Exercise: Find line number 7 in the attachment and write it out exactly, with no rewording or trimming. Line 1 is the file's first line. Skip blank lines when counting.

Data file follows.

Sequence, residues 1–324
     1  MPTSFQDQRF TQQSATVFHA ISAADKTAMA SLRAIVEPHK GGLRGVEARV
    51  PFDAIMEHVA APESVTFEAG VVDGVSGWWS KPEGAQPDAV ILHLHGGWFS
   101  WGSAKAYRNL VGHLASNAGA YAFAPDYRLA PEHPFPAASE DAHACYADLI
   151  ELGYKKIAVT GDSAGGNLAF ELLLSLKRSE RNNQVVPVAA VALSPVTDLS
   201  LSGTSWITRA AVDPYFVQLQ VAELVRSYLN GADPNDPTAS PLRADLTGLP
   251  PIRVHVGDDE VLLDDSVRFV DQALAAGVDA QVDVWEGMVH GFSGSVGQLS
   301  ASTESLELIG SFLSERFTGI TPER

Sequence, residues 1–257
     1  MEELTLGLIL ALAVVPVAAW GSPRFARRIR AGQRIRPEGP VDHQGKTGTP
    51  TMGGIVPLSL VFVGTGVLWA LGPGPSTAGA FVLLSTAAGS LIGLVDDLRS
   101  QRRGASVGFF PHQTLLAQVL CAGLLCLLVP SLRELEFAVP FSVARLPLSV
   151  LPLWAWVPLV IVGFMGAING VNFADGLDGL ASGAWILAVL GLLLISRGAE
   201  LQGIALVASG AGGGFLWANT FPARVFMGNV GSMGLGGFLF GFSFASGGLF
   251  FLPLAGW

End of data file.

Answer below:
   251  PIRVHVGDDE VLLDDSVRFV DQALAAGVDA QVDVWEGMVH GFSGSVGQLS